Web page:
Remarkable Progress Five Years after Haiti Earthquake

ATLANTA, Jan. 12, 2015 /PRNewswire-USNewswire/ — Five years after the devastating earthquake in 2010 left millions in need of urgent medical care, Haiti has made significant progress toward rebuilding the national public health system. Working with the Haitian government, U.S. Centers for Disease Control and Prevention (CDC) and other partners have made progress toward the reconstruction of the public health sector to establish disease surveillance systems, enhance laboratory capacity, and develop human capacity in clinical services, epidemiology, and public health leadership.

Today Haiti has more disease detectives to quickly detect outbreaks and effectively respond; over 250 water and sanitation technicians to help rural areas improve drinking water; more vaccinated children; and new Ministry of Health facilities for laboratory, epidemiology and research staff.

“Particularly since the earthquake in 2010, CDC has made significant investment in the national laboratory and disease surveillance systems in Haiti” said David Lowrance, M.D., M.P.H., director of CDC's Haiti office. “These systems and capacities are vital to preventing, detecting, and responding to public health threats before they become crises and to protecting the health of the Haitian people and the global community.”

Disease control efforts by CDC and its national and international partners have led to significant advances in efforts to eliminate malaria and lymphatic filariasis from Haiti, as well as gains in access to tuberculosis treatment services and access to improved water and sanitation facilities. Today, 87 percent of HIV-positive pregnant women in Haiti receive treatment to prevent the transmission of HIV to their babies, one of the highest rates in the developing world.

Haiti has made significant progress but much more is needed. “There is a cohort of children who have been missed by the routine immunization program; outbreaks of epidemic diseases still occur; and progress has been slow and limited in restoring the physical health infrastructure,” said Dr. Lowrance.

After the earthquake, existing HIV/AIDS programs enabled CDC's Haiti office to rapidly expand its mission through post-earthquake investments.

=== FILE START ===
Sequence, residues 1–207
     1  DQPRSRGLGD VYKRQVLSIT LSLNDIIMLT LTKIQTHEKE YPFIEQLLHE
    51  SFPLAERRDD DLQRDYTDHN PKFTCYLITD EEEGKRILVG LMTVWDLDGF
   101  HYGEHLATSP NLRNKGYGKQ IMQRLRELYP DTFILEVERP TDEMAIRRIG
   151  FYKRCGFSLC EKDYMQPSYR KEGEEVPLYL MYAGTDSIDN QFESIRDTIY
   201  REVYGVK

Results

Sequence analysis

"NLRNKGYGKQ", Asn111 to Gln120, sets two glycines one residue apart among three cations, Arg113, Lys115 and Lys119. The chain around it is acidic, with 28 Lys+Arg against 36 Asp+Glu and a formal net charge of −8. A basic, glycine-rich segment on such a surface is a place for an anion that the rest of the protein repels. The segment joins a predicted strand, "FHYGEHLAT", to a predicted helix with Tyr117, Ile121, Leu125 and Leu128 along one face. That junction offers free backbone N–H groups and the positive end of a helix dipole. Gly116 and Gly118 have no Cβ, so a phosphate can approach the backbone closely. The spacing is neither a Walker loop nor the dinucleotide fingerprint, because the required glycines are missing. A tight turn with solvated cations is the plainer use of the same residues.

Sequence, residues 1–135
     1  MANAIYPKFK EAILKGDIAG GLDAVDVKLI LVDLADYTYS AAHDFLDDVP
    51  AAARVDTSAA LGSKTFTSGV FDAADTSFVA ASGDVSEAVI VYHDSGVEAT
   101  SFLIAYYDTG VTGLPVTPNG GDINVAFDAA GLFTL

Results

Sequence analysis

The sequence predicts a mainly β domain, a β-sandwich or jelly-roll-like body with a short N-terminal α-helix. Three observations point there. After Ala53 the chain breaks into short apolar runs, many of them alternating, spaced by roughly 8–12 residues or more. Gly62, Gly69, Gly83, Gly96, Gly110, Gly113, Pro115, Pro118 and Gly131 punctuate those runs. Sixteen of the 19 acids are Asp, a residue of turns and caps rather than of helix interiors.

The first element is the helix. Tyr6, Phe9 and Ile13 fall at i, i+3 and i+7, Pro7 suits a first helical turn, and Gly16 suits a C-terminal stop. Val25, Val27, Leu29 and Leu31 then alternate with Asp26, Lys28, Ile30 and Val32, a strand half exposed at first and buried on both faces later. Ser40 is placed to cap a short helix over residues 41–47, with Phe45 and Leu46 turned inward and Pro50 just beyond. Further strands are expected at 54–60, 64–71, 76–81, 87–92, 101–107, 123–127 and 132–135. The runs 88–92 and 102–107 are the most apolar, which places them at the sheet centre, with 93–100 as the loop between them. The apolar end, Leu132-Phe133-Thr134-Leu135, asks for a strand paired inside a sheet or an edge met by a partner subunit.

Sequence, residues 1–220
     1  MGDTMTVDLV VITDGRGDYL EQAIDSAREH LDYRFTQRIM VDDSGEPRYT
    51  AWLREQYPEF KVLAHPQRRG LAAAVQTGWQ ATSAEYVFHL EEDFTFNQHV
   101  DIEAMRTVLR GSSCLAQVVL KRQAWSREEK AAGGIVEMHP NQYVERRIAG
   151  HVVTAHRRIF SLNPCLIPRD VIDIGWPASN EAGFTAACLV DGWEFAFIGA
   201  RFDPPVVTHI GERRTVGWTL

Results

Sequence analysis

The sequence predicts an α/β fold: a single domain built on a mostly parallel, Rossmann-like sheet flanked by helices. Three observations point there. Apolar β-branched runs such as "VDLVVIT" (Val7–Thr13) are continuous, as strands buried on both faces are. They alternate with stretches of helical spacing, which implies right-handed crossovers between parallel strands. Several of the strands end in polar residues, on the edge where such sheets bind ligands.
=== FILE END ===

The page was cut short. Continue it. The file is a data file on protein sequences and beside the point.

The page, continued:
“Following the earthquake, CDC expanded the partnership with the people of Haiti to not only support their fight against HIV/AIDS, but to support reconstruction and rebuilding of the health system and to respond to the subsequent cholera epidemic,” noted Tom Kenyon, M.D., M.P.H., CDC's director of global health.

This synergy has enabled implementation of other activities related to global health security, including capacity building for the prevention, detection, and response to potential epidemic diseases and natural disasters.

“Haiti has a lot to be proud of in the health sector and we look forward to continuing this work and to helping sustain the gains Haiti has made over the last five years,” Lowrance said.

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As an instructor looks on, students learn lab techniques at the National Public Health Laboratory in Port-au-Prince. CDC staff support the lab with training and equipment, and the site serves as a training facility for lab technicians across Haiti. 
Staff members of DINEPA (the National Directorate for Drinking Water and Sanitation) test water for chlorination at a private residence in the city of Mirebalais, Haiti. With the support of the CDC, the office is both testing water quality in Haiti and mapping existing water sources for future use.

U.S. Department of Health and Human Services

CDC works 24/7 saving lives, protecting people from health threats, and saving money through prevention. Whether these threats are global or domestic, chronic or acute, curable or preventable, natural disaster or deliberate attack, CDC is the nation's health protection agency.


SOURCE Centers for Disease Control and Prevention (CDC)

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